To seek our pale enchanted gold.”

The poem and song echo through my mind this week. It is a fact that I never heard a melody setting for Tolkien’s original poem that truly fit it; that is, until Howard Shore’s recent soulful rendering. And when first I read the poem as a child, the words seemed to have more of a martial than a melancholic ring to them. But melancholy suits the poem, as it suits much of Tolkien’s work. Why is that? Why does Tolkien’s storytelling cast over us a perception of loss: a deep sense of something precious sundered?


“The dwarves of yore made mighty spells,
While hammers fell like ringing bells,
In places deep, where dark things sleep,
In hollow halls beneath the fells.”

The bitter winds arise beyond the walls of our home, and there are predictions of snow in Maryland, whither I shall travel at week’s end. On my way, I’ll glimpse true misty mountains as we fly over the Shenandoah Valley and follow the white-dusted ridges of the Appalachians. Peering through curled clouds at fog-shrouded valleys, I wonder what creatures might yet dwell in some forgotten vale or hidden cave below; more importantly, I wonder, too, what dark things sleep within my own heart, and that remain unshriven….


“On silver necklaces they strung
The light of stars, on crowns they hung
The dragon-fire, from twisted wire
The melody of harps they wrung.”

We shall gather together Friday evening; an informal setting with one old friend and one new, and we shall attempt to blend voices together in celebration of ancient tales and legends. My friends are far more skilled in the making of music than am I, yet if time permits, I may attempt to chant Bilbo’s tale of “Earendil the Mariner” to those who have yet to hear it. For that tale, of a soul caught up from a mortal into an immortal life, surely has relevance to all of us as this year passes, and as we contemplate the failing light….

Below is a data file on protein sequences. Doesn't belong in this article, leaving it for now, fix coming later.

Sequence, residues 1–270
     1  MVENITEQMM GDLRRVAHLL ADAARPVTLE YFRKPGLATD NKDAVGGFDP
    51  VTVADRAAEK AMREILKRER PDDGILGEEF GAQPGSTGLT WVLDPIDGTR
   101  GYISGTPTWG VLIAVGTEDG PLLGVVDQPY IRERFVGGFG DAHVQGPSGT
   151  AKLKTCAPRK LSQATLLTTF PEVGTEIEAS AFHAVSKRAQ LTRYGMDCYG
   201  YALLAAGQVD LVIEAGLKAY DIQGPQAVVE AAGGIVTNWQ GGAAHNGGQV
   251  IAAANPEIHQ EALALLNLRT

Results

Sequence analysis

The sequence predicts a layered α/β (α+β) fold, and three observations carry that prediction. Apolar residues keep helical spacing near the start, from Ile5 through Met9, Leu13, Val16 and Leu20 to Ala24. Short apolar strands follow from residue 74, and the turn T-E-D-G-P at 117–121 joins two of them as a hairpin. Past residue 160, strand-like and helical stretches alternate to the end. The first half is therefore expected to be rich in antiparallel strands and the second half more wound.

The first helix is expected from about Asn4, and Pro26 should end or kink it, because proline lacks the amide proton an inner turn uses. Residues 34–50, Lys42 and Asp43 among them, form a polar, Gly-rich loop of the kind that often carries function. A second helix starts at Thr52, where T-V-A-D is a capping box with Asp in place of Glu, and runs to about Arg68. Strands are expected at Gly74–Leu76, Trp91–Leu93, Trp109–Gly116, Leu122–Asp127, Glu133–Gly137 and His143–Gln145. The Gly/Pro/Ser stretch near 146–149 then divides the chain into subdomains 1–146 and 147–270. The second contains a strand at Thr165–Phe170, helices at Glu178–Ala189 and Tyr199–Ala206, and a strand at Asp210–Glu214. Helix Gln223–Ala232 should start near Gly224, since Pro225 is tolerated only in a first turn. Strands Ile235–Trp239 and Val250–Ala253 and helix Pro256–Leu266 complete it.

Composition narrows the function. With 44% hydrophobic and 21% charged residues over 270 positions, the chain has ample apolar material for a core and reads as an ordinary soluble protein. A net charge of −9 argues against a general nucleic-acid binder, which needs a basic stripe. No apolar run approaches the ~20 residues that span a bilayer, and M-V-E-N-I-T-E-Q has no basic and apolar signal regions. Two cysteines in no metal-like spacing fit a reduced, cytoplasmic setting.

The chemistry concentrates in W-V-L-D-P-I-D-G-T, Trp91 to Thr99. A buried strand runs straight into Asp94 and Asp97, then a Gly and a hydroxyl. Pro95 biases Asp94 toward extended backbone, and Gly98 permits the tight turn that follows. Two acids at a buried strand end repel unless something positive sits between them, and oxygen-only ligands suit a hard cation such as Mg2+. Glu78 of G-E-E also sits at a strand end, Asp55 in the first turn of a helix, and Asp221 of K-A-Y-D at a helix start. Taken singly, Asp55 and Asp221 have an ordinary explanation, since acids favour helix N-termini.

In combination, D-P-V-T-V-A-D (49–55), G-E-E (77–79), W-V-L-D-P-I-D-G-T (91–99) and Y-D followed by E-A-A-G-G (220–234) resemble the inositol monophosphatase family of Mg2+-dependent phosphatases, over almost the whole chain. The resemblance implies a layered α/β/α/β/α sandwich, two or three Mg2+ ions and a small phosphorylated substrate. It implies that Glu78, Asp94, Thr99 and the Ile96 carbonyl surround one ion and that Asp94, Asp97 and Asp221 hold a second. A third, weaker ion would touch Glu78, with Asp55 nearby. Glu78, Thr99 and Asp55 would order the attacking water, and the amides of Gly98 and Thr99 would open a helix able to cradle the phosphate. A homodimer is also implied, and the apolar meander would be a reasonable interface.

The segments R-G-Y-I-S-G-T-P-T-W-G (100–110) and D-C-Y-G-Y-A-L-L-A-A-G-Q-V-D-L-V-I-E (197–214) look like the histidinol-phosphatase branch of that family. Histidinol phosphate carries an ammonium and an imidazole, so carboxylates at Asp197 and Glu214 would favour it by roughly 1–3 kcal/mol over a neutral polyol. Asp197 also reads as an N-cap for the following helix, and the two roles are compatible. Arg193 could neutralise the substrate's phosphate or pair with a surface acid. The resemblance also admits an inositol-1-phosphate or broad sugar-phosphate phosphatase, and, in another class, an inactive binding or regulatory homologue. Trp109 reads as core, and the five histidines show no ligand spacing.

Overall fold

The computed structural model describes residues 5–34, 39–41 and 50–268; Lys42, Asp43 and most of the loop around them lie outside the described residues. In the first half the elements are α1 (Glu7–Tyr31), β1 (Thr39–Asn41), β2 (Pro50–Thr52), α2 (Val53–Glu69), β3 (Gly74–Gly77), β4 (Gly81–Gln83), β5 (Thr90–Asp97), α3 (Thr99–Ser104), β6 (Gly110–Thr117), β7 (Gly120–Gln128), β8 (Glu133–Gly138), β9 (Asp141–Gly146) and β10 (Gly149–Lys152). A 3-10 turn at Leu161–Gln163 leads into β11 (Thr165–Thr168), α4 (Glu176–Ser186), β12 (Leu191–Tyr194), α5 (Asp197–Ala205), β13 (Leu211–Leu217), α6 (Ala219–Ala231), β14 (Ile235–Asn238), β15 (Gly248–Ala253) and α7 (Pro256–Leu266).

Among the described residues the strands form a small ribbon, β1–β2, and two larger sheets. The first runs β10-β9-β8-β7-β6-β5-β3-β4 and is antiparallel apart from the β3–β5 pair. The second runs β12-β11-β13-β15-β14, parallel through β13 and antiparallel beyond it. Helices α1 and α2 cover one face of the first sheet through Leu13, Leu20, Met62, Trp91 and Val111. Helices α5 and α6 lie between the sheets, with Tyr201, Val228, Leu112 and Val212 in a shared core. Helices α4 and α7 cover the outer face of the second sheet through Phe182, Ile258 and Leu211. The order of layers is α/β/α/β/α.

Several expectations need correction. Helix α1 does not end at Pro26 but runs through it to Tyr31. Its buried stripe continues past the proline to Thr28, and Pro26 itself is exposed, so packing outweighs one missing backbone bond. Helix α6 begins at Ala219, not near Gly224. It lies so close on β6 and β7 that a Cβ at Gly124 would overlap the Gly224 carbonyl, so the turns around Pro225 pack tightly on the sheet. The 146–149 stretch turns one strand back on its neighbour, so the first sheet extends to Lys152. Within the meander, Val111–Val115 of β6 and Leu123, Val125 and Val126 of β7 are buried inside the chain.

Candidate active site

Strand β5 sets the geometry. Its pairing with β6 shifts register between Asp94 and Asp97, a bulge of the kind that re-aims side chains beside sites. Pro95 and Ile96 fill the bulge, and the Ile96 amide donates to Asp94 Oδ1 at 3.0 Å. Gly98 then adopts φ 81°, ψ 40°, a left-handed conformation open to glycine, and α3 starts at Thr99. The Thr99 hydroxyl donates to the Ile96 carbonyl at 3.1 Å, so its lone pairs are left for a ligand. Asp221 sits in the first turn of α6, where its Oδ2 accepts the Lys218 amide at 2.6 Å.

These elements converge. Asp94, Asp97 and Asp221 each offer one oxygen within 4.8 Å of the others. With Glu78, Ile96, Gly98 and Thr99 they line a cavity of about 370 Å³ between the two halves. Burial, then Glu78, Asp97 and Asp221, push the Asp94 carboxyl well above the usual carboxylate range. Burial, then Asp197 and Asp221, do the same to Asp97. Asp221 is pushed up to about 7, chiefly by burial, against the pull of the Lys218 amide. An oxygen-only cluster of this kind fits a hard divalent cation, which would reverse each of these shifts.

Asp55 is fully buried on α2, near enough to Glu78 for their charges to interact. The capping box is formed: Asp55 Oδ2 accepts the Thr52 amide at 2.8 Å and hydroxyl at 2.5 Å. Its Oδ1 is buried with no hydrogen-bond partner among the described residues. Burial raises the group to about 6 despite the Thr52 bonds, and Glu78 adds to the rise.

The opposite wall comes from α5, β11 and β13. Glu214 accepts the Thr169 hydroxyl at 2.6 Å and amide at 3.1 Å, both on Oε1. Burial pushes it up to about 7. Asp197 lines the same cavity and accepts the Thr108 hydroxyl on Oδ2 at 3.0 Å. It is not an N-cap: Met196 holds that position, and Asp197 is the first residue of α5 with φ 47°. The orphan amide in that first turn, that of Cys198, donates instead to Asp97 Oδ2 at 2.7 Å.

“Now call we over the mountains cold,
‘Come back unto the caverns old!’
Here at the gates the king awaits,
His hands are rich with gems and gold.”

Despite the seeming melancholy, at the heart of all things written by J.R.R. Tolkien there lies this promise: a promise of good things and true; of desires, dreams, and destinies wrought with great magic, skill and beauty….


“To Rivendell, where Elves yet dwell
In glades beneath the misty fell.
Through moor and waste we ride in haste,
And whither then we cannot tell.”

…and these things are promised, but not fulfilled. That is why, I believe, we return to Tolkien’s tales over and over and over again; because the stories have bedewed us with a glamour, with a longing, with a hope. But C.S. Lewis writes that “creatures are not born with desires unless satisfaction for those desires exists.” Could it be, then, that all of the things that Tolkien’s tales promise us, all of the things we yearn for, might someday be granted?


“With foes ahead, behind us dread,
Beneath the sky shall be our bed,
Until at last our toil be passed,
Our journey done, our errand sped.”

Longing: it is what keeps us moving in the right direction in this life, provided we nurture in our hearts and in our will the True, the Good, the Beautiful. Longing: we yearn for a point of light, seemingly just beyond our reach, glimpsed through boles of winter trees; sometimes lost, sometimes shining out brightly….


“We must away! We must away!
We ride before the break of day!”

But the Light is always present, even if time is fleeting. Ours is to seek it, and to strive to come to it, even knowing that, in this life, we may only find it one instant to lose it the next. It is a glamour; but it is a glamour that does not deceive; instead, it helps us to find our way Home.